Asymmetric Return Distribution

What is an asymmetric distribution? An asymmetric distribution is also known as a non-normal distribution or non – symmetric distribution. An asymmetric distribution is an uneven (or imbalanced) data distribution around a central point. It is a probability distribution or frequency of data that is not symmetrical about the central value.

Asymmetric Return Distribution  Symmetry Returns Symmetrical Distribution

For information about the application of asymmetric return distribution and ASYMMETRY® visit http://www.asymmetrymanagedaccounts.com/

An asymmetric distribution is one that is skewed to the right or the left. The distribution data is placed in a histogram, but instead of a bell-curve shape with the majority of the data points in the middle of the distribution, the asymmetric distribution has more data on the left, right, or both. For example, an asymmetrical distribution may have larger values in the tails from larger values than a symmetrical distribution whose larger values are stacked in the middle.

Symmetrical distributions are said to be balanced (to have symmetry). A symmetrical distribution has symmetry; it’s called a “normal distribution” and its pattern is recognized as the Gaussian bell curve. Asymmetric data is imbalanced since the data is weighted more on one side or another; it has larger values on the left or the right or both rather than just in the middle.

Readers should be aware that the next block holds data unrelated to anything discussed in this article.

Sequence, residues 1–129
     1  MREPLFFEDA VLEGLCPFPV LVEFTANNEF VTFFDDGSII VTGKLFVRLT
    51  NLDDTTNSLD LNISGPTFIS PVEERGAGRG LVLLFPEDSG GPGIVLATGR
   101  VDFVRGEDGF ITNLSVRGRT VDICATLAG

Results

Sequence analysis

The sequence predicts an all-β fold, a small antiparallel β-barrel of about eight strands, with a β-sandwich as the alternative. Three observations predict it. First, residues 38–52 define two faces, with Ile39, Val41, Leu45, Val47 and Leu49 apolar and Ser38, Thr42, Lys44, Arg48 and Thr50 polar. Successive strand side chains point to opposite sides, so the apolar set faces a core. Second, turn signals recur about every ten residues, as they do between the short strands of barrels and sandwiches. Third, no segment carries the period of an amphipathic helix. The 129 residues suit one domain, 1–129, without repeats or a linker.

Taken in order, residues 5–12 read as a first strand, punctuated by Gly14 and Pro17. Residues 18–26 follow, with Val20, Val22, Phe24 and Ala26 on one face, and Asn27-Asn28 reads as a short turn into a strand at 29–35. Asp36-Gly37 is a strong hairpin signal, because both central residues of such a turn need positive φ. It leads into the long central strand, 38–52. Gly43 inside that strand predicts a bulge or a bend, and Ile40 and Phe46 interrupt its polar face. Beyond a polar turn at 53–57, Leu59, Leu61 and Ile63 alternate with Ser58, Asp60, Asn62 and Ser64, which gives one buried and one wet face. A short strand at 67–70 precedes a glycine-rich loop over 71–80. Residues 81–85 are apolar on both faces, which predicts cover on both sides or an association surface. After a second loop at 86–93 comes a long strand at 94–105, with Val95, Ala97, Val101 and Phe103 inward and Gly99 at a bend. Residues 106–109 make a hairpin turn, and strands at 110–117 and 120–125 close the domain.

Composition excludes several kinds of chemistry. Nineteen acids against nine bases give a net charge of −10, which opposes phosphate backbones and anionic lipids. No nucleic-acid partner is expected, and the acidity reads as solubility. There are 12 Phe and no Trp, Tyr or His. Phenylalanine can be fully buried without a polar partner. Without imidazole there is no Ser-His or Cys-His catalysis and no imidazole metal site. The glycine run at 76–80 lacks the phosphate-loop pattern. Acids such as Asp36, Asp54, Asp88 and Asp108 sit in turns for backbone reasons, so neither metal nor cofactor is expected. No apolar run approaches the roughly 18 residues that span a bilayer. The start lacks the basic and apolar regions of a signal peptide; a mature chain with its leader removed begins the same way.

Risk and return profiles are often plotted in a histogram like a bell curve for analysis of the data. Market returns do not fall into a symmetrical distribution. Market returns do not present the perfect balance of symmetry that is assumed by most academic theories considered as modern finance. Stock market returns are asymmetric: they do not fall into a Gaussian normal distribution. Instead, the asymmetry of market returns are skewed because they have “fat tails”. Market return profiles show losses that are much, much, too large and they occur too often to fit into the balanced symmetry of a normal distribution.

Since many asset allocators using asset allocation methods like Modern Portfolio Theory that incorrectly assumes symmetry in market returns, these investors are shocked by larger than expected losses and they may get euphoric after larger than usual gains. Asymmetric return distributions can show asymmetry on both sides; both gains and losses. The problem is that a very large gain often leads these investors to complacency and over optimism right when they need to do the opposite to have any chance of avoiding a devastating loss. Of course, these type of investors usually don’t believe timing is important, so their beliefs lead to their full participation of the roller coaster swings that occur across full market cycles of bull and bear markets. They are excited after a 100% gain, but downside losses are also asymmetric: it takes only a -50% decline to wipe out a 100% gain and a -50% loss requires 100% just to break even.